Victoria Estate, Stockton Detailed and extensive consultation with residents and property owners is now in full swing and the first group of residents are being relocated. The Council has undertaken consultation with local residents on its ambitions for the future. A ‘master plan’ for the area has been agreed which includes around 110 mixed housing for both sale and affordable rent and the provision of quality open space. Following a programme of consultation, Victoria Estate residents have agreed a five-phase change plan.

Residents in phase one began to move to their new homes in April. It is anticipated it will take between four and five years for the full estate to be cleared. Meadow Rise This £100 million scheme is transforming the former Hardwick Estate with a selection of new, two, three and four bedroom homes for sale. Mandale Park in Thornaby More than 300 homes are now occupied and two, three and four bedroom homes in the second phase of the scheme are now available for sale. Vivo at Northshore Work on the second phase of the multimillion pound Vivo at Northshore scheme is now under way. It includes 76, two, three and four bedroom homes overlooking the River Tees. The homes are expected to be released for sale in the autumn. For more information about the housing schemes on-going across the Borough, visit housingregeneration or contact the Housing Regeneration Team on (01642) 524970 or (01642) 526078 or e-mail




Enchanting new rose garden and visitor centre for Wynyard

Think warm with GoWarm This latest development means Stockton is the first council in the UK to run a borough-wide ECO scheme. It will sustain the jobs of 500 people who have been working on the GoWarm scheme since it launched in 2012. It will also help create a new range of apprenticeship opportunities for Stockton Riverside College and GoWarm’s appointed installers Dalmid, Synergize, AH Property, Castle and Edendene. The GoWarm project has become the largest scheme of its kind to be carried out in the UK.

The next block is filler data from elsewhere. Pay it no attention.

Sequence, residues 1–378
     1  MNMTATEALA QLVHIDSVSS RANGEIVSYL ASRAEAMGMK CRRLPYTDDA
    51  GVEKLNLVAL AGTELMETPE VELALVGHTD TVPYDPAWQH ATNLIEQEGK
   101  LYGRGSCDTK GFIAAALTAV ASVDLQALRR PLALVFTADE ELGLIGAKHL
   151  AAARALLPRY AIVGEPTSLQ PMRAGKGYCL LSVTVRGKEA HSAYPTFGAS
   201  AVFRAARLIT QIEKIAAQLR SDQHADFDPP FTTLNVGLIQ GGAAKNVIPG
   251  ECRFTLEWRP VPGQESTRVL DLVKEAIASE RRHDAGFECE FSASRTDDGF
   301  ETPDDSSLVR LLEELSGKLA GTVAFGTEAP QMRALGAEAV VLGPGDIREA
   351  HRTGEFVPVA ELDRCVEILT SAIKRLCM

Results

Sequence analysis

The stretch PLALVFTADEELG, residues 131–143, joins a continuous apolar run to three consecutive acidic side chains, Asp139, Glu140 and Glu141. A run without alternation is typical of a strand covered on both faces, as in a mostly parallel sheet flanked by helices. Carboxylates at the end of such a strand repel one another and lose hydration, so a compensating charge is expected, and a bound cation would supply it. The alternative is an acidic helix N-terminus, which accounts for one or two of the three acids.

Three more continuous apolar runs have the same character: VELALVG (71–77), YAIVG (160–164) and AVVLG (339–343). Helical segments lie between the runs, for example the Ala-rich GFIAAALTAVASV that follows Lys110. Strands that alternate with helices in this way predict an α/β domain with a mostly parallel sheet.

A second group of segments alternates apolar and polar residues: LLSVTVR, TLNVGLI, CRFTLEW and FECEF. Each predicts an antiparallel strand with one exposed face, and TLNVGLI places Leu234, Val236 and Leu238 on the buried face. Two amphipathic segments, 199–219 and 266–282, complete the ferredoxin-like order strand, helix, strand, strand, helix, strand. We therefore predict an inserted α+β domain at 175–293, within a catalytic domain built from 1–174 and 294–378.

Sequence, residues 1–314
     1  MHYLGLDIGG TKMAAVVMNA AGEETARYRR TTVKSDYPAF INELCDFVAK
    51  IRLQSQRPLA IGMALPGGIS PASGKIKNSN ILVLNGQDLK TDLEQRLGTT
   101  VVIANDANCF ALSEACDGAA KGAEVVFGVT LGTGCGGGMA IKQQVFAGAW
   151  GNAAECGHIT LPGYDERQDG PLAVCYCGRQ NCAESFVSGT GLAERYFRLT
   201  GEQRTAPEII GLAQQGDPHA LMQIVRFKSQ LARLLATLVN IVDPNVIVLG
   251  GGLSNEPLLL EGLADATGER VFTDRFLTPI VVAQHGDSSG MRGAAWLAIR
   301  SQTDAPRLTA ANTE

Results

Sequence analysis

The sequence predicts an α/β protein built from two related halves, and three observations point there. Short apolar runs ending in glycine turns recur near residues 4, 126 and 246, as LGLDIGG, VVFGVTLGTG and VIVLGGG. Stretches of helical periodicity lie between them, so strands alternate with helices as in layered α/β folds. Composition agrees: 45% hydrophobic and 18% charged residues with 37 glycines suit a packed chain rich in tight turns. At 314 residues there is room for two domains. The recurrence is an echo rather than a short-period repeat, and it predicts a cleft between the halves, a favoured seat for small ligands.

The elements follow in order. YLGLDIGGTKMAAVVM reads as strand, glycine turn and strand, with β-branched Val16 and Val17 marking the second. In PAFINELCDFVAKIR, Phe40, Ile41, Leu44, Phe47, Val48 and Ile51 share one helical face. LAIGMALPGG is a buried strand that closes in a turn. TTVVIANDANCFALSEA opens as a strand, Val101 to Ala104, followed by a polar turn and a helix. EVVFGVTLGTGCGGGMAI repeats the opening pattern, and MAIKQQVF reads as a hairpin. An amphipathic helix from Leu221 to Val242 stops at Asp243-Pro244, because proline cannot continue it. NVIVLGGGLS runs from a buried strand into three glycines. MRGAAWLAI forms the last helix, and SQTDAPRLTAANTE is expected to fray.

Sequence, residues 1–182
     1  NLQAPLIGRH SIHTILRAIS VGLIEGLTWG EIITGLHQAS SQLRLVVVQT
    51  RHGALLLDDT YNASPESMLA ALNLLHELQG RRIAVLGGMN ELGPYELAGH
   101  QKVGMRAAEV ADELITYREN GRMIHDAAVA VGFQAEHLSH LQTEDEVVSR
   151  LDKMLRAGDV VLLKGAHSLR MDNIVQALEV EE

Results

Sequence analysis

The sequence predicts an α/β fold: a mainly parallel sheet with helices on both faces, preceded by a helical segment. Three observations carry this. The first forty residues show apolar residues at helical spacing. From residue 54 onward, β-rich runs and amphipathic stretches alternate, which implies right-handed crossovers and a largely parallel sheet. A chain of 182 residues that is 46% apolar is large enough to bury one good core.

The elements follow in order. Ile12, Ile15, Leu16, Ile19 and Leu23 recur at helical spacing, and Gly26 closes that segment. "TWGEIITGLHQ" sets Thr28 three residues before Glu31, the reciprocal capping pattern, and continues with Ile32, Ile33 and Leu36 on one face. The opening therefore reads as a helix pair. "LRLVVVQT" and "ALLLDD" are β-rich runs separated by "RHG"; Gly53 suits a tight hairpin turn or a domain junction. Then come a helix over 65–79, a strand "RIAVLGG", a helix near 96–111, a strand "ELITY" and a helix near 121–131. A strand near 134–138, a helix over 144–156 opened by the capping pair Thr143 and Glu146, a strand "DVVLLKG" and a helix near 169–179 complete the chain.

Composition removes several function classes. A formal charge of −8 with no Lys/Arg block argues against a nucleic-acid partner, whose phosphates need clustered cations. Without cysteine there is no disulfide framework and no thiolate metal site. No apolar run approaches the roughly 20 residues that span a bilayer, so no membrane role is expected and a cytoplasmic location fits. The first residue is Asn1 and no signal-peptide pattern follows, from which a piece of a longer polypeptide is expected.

Stockton Council’s planning committee has granted planning permission for a new rose garden, visitor centre and cookery school at Wynyard Hall Country House Hotel. The move signals the start of a £4 million private investment in the site and the creation of 40 jobs. The new rose garden, visitor centre and Italian terrace will be housed within the historic walled garden - with a plan to ensure a breathtaking range of scentladen blooms are in place by the end of the planned two-year project. The single-storey visitor centre building with a glazed façade will provide a café and gift shop selling local produce and Wynyard Hall related products. The new cookery school will provide a range of teaching rooms and accommodation for up to 12 people with courses and tuition from expert chefs and suppliers planned to take place throughout the year.

There will also be a new training centre for excellence in horticulture, food and hospitality.

The buildings and garden will be designed to meet the highest environmental and conservation standards to ensure the preservation of the historic building and its surroundings. The Zebra House – a historic structure which highlights the history of the Londonderry family and zebras being kept

on the site – will also be refurbished with a glazed link to the visitor centre. A temporary marquee will be erected within the site to provide additional seating and conference areas for up to 400 guests with a licence for music to be played until 11.30pm with all background music to be finished by 12.30pm. Planning consultants, England and Lyle, and architects, IDP Partnership (Northern), will work with Wynyard Hall Country House Hotel throughout the development of the rose garden and visitor centre.

The first stage of the scheme, which was completed earlier this year, was funded by North Yorkshire-based Eggborough Power Ltd and focussed on properties in Stockton’s Parkfield, Newtown and Mill Lane wards, as well as the Mandale and Victoria areas of Thornaby.